November 7, 2010
In many ways, Saturday was the peak of Air Force’s season. The Falcons won the Commander-in-Chief’s Trophy, which will arrive on Tuesday or Wednesday. The team will have a private and small celebration when it arrives.
It’s almost enough to make everyone forget there are two regular-season games remaining. And those two games are unlikely to produce much natural motivation.
Air Force’s final games are against New Mexico and UNLV, two of the worst teams in college football. There are eight FBS teams with only one win (Akron is the only winless team). The Lobos and Rebels are both 1-8.
Yet, Falcons coach Troy Calhoun doesn’t think he’ll have a tough time getting his players up for the games.
“The only thing I have to do is ask them who was offered grant-in-aid by New Mexico,” said Calhoun, whose players rarely get scholarship offers from other FBS teams.
Calhoun said he was concerned about New Mexico’s size and speed. That talent has produced two wins in two seasons for Lobos coach Mike Locksley, but Calhoun is not overlooking them.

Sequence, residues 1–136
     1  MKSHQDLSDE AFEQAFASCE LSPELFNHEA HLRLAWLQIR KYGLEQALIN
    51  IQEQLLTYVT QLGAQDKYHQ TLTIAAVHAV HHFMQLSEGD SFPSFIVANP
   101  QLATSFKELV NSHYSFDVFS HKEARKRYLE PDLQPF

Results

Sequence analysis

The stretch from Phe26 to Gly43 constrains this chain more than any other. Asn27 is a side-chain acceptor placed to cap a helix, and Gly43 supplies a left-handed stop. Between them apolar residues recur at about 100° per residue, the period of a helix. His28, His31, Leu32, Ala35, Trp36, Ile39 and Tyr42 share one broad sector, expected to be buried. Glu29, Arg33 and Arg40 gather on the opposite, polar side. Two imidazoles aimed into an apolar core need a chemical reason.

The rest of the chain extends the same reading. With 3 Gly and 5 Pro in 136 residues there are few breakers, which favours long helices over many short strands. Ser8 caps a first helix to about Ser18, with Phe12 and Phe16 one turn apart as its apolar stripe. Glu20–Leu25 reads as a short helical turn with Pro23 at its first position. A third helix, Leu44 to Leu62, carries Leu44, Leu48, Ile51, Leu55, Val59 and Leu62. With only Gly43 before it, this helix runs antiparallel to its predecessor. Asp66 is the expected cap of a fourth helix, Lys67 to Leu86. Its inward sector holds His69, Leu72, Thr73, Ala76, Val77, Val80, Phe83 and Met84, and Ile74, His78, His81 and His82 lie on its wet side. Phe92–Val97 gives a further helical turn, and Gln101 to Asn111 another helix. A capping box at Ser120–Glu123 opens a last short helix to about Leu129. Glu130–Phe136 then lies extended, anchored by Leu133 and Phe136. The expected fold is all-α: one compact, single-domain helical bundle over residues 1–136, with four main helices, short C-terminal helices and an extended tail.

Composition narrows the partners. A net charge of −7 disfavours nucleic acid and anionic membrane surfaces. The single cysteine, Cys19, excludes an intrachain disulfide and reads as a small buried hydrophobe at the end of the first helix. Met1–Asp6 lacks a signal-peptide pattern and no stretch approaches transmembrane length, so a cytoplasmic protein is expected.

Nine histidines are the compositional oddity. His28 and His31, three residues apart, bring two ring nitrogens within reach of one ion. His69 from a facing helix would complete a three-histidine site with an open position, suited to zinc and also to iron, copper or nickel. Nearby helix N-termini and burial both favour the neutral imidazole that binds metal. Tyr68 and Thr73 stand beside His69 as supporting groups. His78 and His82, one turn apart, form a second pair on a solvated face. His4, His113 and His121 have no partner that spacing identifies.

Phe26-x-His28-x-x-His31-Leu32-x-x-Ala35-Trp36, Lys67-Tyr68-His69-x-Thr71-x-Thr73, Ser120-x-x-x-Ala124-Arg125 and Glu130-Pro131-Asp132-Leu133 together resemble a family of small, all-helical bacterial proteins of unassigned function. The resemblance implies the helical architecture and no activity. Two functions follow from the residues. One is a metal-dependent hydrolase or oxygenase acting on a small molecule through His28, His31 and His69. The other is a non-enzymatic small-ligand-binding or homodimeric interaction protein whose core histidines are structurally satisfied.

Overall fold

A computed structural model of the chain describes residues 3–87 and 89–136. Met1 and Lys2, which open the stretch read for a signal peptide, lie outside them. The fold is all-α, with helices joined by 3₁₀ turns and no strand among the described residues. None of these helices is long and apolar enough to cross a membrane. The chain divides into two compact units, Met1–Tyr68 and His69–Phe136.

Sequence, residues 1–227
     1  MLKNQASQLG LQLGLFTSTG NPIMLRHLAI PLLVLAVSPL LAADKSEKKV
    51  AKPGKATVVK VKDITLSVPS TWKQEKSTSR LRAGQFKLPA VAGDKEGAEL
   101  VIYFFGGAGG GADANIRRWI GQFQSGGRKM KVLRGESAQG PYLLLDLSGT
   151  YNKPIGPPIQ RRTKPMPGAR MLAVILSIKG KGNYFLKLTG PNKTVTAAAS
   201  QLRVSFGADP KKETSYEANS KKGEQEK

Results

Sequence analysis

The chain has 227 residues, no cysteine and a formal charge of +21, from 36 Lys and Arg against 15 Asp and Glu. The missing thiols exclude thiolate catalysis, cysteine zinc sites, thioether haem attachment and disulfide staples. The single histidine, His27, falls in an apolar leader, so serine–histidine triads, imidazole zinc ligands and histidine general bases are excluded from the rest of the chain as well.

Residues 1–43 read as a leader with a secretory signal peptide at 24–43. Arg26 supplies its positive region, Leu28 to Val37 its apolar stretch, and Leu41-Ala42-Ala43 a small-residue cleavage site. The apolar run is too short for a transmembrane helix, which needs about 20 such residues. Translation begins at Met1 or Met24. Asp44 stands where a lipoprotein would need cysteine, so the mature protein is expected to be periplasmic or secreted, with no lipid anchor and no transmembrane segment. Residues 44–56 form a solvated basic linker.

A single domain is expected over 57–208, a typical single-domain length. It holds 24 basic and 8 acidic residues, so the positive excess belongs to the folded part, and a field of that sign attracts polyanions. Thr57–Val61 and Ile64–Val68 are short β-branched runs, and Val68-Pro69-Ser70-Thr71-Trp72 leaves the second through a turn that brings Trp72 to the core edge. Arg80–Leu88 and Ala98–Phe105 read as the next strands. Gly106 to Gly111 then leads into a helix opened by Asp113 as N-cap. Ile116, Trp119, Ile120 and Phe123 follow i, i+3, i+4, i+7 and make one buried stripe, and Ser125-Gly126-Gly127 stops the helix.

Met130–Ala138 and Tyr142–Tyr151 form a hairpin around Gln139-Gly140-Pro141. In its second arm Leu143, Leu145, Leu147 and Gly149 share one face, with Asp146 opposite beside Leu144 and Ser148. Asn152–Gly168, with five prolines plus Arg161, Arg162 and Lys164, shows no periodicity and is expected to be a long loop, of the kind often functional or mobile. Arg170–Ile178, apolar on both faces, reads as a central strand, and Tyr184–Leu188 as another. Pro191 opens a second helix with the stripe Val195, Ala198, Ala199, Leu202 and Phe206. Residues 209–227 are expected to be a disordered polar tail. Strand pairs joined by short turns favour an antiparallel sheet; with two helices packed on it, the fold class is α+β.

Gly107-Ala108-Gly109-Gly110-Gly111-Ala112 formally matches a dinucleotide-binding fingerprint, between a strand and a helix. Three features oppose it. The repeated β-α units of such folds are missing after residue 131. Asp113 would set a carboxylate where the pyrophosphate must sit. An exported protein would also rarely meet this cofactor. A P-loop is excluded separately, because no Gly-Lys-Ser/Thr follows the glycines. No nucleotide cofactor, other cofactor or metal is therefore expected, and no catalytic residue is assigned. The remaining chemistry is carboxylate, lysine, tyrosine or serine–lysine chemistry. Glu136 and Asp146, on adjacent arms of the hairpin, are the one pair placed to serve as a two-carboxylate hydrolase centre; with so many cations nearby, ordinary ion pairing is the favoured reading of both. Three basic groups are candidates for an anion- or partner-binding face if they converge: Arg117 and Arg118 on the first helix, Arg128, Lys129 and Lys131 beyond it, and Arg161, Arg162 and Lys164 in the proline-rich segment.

“We still can’t assimilate their pure skill in practice, their speed and their bodies,” Calhoun said.
Air Force is already bowl eligible, and seems likely to go to the Independence Bowl. Wins over the next two weeks won’t change much for the Falcons, but they seem to be focusing on peaking as the regular season concludes. Saturday’s win over Army was a good first step toward that goal.
“It’s an eye opener in terms of possibilities,” Calhoun said.
The Falcons didn’t play a perfect game against the Black Knights, but started getting turnovers, ran the ball well, hit some huge plays on offense and played good defense inside their own 20-yard line.
“The best football is still ahead of us,” linebacker Jordan Waiwaiole said.